Windows Support Calling

Windows Support Calling

Posted on 17, Feb 2017 by Nick

Windows Support Calling

The phone rings. You interrupt the spreadsheet you’re been working on. There’s a moment of delay, a slight crackle then an Indian sounding voice says “Hello, I am from Windows support. I am calling because we can see you have a technical problem with your computer.”

You pause for a moment, head still in the spreadsheet and remember Excel crashed earlier and the damn machine was as slow as hell. “Oh yes,” you say, “how do you know?”

“We are able to tell. It comes up on our system. You have errors on your computer and we need to fix them.”

After a little more persuading, you agree to let him connect to your computer remotely. While he’s still on the phone, you watch your mouse pointer moving around your screen by itself. Then a nasty looking dialogue box with a bunch of red error messages appears. “This is what I am talking about,” says the man from Windows Support.

You’re horrified. What the hell have the kids been doing on your laptop? “Can you fix it?” you tentatively ask.

“Oh yes, we can indeed fix it. But first I need to get your credit card details, as it is $400 for the repair.”

You’re a bit taken aback at the price, but the Windows Support man gets quite preachy. He goes on about the problems and danger you’re causing having such a faulty, infected computer on the Internet. Its even setting off their alarms. Which is why he rang you. He goes on to say that it’s probably a virus and could be stealing your banking login and even your identity. Right now.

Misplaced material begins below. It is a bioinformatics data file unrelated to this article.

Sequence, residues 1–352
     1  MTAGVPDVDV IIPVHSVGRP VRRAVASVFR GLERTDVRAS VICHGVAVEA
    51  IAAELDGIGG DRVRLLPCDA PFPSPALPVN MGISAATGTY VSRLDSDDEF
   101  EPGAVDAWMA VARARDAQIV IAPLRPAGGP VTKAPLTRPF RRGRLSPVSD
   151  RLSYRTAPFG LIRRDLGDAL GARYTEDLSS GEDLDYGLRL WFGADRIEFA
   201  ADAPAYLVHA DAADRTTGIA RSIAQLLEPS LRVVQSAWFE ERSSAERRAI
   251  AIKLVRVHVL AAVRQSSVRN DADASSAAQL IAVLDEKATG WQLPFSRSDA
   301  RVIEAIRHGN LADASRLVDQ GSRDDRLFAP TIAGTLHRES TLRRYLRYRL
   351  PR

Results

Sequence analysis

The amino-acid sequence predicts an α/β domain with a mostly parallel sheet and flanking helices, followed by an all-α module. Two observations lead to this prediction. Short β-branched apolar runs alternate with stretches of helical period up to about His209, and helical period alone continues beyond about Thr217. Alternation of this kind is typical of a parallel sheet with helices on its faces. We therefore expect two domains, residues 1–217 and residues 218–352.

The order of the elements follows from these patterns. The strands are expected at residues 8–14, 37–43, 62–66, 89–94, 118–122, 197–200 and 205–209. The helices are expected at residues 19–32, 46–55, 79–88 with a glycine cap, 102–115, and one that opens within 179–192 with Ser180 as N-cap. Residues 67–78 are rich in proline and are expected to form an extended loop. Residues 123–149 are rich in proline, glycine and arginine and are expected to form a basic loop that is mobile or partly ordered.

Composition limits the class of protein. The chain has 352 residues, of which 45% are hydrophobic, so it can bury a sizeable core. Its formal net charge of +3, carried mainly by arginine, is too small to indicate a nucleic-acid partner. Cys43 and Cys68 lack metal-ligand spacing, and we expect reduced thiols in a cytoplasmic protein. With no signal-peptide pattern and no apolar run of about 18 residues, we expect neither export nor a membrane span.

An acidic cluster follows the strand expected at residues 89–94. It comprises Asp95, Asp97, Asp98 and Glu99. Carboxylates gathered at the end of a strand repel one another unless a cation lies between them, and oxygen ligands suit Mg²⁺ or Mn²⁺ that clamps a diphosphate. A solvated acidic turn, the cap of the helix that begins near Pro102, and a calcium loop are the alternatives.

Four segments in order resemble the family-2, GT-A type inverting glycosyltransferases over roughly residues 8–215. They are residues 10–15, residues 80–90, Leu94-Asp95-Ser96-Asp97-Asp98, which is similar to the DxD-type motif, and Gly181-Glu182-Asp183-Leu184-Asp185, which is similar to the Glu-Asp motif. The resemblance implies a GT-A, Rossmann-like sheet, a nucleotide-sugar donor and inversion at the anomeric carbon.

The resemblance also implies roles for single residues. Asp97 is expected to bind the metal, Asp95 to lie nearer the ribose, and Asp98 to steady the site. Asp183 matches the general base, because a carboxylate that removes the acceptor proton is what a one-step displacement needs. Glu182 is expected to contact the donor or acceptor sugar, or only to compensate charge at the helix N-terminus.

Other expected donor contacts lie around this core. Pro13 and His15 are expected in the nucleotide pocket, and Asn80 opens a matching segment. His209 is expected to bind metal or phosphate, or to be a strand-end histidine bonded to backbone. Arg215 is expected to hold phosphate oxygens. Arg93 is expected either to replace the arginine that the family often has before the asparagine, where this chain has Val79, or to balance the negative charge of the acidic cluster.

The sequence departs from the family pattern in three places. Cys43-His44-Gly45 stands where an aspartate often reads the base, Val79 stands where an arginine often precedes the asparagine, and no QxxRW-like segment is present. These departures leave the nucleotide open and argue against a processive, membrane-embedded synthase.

Suddenly $400 seems a bargain. You pay the money. The cursor moves around and various dialogue boxes open and close. After a few minutes the man assures you he has fixed your computer. You feel a sense of relief as you hang-up and get back to your spreadsheet. Now at least the computer will behave and Excel won’t crash anymore.

But oh dear, your troubles have just begun. You’ve been scammed. Not only did you give a scammer your credit card details, but you allowed him access to your computer. While he was ‘fixing it’ he installed the Zeus Trojan to steal your banking details. Then for good measure, recruited your machine into a botnet army. (For later use as part of a Distributed Denial of Service (DDoS) attack against a government website.)

The first you’ll know of this is when you login to your bank account and see all your money has gone. You may then have a problem getting it back. Your bank may be very reluctant to repay you anything if they think you gave access willingly.

For the record, there was nothing wrong with your computer. The dialogue box with the errors was just standard Windows Event Viewer messages (which display harmless errors). It was used to ‘prove’ there were terrible problems with your computer and get you to pony up the $400 (price may vary).

The Popup Version

WIndows Popup

As well as the ‘outbound’ scammers that phone you, there’s a handy online version of the same scam that targets both Windows and Mac users. It works by throwing a popup into your browser that engulfs your entire screen. It says ‘Windows has detected some suspicious activity from your IP address. Some Spyware may have caused a security breach at your network location’ or something similar, and to call technical support immediately.

Some of them, like the one in the photo, actually shout at you to try and panic you into calling them or clicking their links. Needless to say, don’t do either. For a start, shut the browser down and clear it’s cache. That may get rid of it. If it doesn’t, you could have some adware or malware already installed. If you think that might be the case, follow the advice at MalwareTips to get rid of it.

Hopefully, at least after reading this, you’ll now know exactly how to reply should Windows Support come calling.

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